People of color exposed to more pollution from cars, trucks, power plants over 10 yearsSeptember 14, 2017
A new nationwide study finds that the U.S. made little progress from 2000 to 2010 in reducing relative disparities between people of color and whites in exposure to harmful air pollution emitted by cars, trucks and other combustion sources.
The groundbreaking study led by University of Washington researchers estimated exposure to outdoor concentrations of a transportation-related pollutant -- nitrogen dioxide (NO2) -- in both 2000 and 2010, based on neighborhoods where people live. It found disparities in NO2 exposure were larger by race and ethnicity than by income, age or education, and that those inequities persisted across the decade.
While absolute differences in exposure to the air pollutant dropped noticeably during that time period for all populations, the relative difference -- or the gap between pollution levels to which white people and people of color were exposed -- narrowed only a little.
The study will be published Sept. 14 Environmental Health Perspectives. The researchers developed a first-of-its-kind model that combines satellite and regulatory measurements with land use data to predict pollution at a neighborhood level throughout the United States.
The positive news is that across the U.S., average exposure to NO2 for all races and income levels dropped from 2000 to 2010. Measured in parts per billion (ppb), estimated average annual NO2 exposure decreased from 17.6 to 10.7 ppb for nonwhite populations, and from 12.6 to 7.8 ppb for white populations.
Yet people of color were consistently exposed to more air pollution than their white non-Hispanic counterparts during the decade. Considering relative differences, nonwhites experienced 40 percent higher exposures than whites in 2000; in 2010, that gap shrunk only slightly, to 37 percent. Furthermore, in 2000, concentrations of NO2 in neighborhoods with the highest proportion of nonwhite residents were 2.5 times higher than in neighborhoods with the lowest proportion of nonwhite residents. In 2010, that value increased slightly, to 2.7 times higher.
The study concludes that if people of color had breathed the lower NO2 levels experienced by whites in 2010, it would have prevented an estimated 5,000 premature deaths from heart disease among the nonwhite group.
"The finding that shocks us is that when it comes to how much NO2 a person breathes, it's still race that matters," said senior author Julian Marshall, UW professor of civil and environmental engineering.
"At any income level -- low to medium to high -- there's a persistent gap by race, which is completely indefensible. It says a lot about how segregated neighborhoods still are and how things are segregated," Marshall said.
NO2 comes from sources such as vehicle exhaust, power plants and off-road equipment and is one of six important "criteria air pollutants" monitored by the Environmental Protection Agency. It has been linked to asthma symptoms, increased susceptibility to respiratory problems and heart disease.
The research team, which began their work at the University of Minnesota, previously analyzed NO2 concentrations for the year 2006 by race, income and other demographic factors identified in the U.S. Census. The team's air pollution model, which combines existing EPA air quality monitoring and satellite data with detailed land use information, allows them to accurately predict pollution concentrations across the country at the U.S. Census block level -- information previously unavailable at that scale.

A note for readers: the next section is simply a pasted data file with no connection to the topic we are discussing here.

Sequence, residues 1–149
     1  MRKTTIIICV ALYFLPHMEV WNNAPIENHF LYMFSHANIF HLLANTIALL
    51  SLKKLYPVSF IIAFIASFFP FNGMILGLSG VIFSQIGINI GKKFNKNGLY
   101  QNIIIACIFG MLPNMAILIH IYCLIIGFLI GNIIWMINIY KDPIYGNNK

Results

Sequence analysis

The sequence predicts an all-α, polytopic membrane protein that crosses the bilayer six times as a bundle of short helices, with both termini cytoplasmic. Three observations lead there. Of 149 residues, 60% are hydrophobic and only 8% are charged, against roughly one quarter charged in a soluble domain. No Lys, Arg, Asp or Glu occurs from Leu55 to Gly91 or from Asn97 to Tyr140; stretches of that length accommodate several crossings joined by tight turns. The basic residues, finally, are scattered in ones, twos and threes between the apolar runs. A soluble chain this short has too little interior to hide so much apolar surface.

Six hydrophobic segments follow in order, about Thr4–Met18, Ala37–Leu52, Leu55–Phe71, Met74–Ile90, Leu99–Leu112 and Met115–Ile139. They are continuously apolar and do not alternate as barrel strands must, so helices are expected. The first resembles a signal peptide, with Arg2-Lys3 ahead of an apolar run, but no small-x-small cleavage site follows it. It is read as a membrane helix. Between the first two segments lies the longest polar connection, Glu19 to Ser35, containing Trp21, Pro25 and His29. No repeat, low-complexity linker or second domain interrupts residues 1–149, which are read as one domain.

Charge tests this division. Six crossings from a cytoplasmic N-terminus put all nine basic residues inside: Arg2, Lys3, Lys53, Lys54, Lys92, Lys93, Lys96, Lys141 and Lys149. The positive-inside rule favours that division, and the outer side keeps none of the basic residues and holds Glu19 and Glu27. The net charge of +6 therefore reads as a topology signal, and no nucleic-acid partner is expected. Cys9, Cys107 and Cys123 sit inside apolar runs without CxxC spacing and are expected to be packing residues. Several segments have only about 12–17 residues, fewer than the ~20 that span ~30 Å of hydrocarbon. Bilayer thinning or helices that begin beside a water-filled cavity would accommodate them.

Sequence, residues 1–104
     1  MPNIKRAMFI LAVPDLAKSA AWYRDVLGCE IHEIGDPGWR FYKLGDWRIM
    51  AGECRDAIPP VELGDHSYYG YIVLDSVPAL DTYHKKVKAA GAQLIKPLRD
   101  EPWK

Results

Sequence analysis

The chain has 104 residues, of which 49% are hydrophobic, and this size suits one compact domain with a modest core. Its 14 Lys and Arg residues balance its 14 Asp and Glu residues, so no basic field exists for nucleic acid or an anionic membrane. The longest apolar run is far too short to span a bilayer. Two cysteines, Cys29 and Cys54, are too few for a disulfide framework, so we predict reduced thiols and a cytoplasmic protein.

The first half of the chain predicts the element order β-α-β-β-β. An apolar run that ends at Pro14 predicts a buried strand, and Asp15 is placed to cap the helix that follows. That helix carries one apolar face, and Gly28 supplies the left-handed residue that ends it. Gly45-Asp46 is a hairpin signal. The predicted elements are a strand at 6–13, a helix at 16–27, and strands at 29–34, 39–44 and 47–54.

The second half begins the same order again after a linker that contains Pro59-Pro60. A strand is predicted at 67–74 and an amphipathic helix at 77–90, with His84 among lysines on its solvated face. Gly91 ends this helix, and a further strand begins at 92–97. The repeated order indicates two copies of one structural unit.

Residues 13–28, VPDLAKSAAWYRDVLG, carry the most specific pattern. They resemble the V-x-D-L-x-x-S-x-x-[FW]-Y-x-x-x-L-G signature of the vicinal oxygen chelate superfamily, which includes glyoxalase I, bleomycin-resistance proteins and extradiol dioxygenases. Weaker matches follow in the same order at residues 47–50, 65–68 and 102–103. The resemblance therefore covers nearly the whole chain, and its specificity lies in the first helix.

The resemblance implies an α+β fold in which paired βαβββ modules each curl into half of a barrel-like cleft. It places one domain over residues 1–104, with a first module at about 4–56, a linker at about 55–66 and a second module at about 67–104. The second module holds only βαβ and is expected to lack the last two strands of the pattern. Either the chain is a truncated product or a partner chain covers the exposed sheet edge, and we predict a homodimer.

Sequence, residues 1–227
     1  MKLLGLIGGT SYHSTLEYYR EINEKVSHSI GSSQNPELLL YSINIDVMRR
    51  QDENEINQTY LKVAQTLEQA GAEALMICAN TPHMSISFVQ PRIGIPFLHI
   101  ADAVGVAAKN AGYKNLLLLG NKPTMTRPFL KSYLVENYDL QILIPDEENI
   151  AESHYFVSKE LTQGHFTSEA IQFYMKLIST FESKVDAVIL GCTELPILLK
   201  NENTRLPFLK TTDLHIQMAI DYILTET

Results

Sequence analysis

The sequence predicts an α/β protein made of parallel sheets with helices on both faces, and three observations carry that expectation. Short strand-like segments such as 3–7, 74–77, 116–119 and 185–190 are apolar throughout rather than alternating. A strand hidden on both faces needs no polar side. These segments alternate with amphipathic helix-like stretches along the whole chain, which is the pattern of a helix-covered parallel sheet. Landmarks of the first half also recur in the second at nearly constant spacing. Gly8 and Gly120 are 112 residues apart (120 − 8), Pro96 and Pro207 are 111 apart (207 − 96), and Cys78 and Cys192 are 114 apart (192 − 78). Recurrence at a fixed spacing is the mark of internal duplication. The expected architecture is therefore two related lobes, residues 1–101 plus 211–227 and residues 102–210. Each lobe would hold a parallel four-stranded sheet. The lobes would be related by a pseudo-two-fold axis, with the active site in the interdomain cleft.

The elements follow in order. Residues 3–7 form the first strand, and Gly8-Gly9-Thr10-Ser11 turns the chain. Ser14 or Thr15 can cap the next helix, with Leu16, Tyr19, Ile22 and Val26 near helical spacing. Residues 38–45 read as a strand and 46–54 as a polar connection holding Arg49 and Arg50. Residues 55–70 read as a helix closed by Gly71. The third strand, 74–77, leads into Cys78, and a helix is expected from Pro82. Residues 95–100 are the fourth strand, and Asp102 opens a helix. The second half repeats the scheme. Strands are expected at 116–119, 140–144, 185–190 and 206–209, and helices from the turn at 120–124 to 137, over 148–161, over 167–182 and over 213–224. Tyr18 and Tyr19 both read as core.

In this first longitudinal study of its kind, researchers wanted to examine how much progress was made in addressing inequities in NO2 exposure over a decade. They compared environmental injustice metrics in 2000 and 2010 on a national basis and by region, state, county and urban areas.
On the whole, researchers said, policies to reduce NO2 air pollution are working. But the finding that exposure differences are larger by race and ethnicity than by income, age or education was equally true in 2010 as in 2000.
"Everyone benefited from clean air regulations and less pollution; that's the good news," said lead author and UW civil and environmental engineering doctoral student Lara Clark. "But the fact that there is a pervasive gap in exposure to NO2 by race -- and that the relative gap was more or less preserved over a decade -- is the bad news."
The UW study did not explore the underlying reasons for that gap, but its findings are consistent with previous research. Both racial minorities and low-income households are disproportionately likely to live near a major road where transportation-related pollution is typically highest. U.S. cities, in general, also tend to be more segregated by race and ethnicity than by income.
The UW team did conclude that the narrowing of the racial gap in NO2 exposures was driven more by improving air quality than by demographic changes over the 10-year period.
"That suggests that air pollution is coming down faster than cities are becoming less segregated," Marshall said.
Next steps for the research team include looking at how changes in demographics, industry and urban form at the city level affect NO2 exposure, and developing similar models for other EPA criteria air pollutants.
The research was funded by the National Science Foundation and the Environmental Protection Agency.
For more information, contact Marshall at firstname.lastname@example.org or Clark at email@example.com.
University of Washington
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